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THURSDAY, Dec. 13 (HealthDay News) -- Taxes on sugar and saturated fats could be associated with beneficial dietary change, according to a study published online Dec. 11 in PLOS Medicine.
Helen Eyles, Ph.D., from the University of Auckland in New Zealand, and colleagues reviewed simulation studies for countries in the Organisation for Economic Cooperation and Development and examined the association between food pricing strategies and changes in food purchases or intake (consumption) and health outcomes.
The researchers found that, in pooled estimates assessing taxes on carbonated soft drinks, based on four studies, the estimated own-price elasticity (own-PE; change in demand with a 1 percent change in price) was −0.93, and based on three studies there was a modeled −0.02 percent reduction in energy (calorie) intake for each 1 percent price increase. For taxes on saturated fat, based on five studies, for each 1 percent increase in price there was a −0.02 percent reduction in energy intake from saturated fat. Based on three studies assessing subsidies on fruits and vegetables, the own-PE was −0.35. High quality studies indicated that unintended compensatory purchasing could result in overall adverse effects on health and disease outcomes. Food pricing strategies would be associated with pro-health outcomes, based on 11 of 14 studies evaluating lower socioeconomic groups.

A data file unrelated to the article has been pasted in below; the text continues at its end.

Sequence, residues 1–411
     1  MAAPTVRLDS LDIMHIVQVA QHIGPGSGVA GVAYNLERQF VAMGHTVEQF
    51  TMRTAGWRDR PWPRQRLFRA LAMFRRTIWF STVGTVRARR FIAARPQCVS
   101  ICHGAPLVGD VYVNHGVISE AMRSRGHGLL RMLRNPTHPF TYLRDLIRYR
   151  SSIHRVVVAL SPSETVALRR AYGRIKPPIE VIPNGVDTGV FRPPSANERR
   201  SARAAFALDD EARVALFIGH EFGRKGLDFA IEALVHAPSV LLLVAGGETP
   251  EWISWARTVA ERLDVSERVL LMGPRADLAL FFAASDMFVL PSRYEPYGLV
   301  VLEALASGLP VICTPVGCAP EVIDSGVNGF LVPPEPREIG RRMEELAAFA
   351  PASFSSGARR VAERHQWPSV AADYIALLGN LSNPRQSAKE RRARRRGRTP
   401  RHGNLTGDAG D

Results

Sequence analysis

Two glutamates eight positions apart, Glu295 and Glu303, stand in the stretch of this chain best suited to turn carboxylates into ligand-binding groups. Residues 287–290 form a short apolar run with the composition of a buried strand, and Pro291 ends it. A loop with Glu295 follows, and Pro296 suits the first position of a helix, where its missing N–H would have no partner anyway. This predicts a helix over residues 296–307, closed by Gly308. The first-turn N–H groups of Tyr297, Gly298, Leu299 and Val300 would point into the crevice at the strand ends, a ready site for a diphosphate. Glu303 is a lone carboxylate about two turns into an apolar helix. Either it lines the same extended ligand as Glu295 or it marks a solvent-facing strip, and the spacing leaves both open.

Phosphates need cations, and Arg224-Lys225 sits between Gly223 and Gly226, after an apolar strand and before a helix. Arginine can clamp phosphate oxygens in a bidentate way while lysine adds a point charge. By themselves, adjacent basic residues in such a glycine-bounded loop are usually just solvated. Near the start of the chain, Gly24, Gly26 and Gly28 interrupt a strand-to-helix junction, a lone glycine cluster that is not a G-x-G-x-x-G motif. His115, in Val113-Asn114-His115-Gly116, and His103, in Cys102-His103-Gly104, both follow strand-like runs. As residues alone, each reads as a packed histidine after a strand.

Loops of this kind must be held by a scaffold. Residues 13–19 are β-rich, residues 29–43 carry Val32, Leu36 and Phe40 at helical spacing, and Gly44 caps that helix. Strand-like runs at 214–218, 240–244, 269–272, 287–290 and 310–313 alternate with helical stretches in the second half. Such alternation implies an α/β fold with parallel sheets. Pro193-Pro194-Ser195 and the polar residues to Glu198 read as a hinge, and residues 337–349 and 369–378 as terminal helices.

"Based on modeling studies, taxes on carbonated drinks and saturated fat and subsidies on fruits and vegetables would be associated with beneficial dietary change, with the potential for improved health," the authors write. "Additional research into possible compensatory purchasing and population health outcomes is needed."
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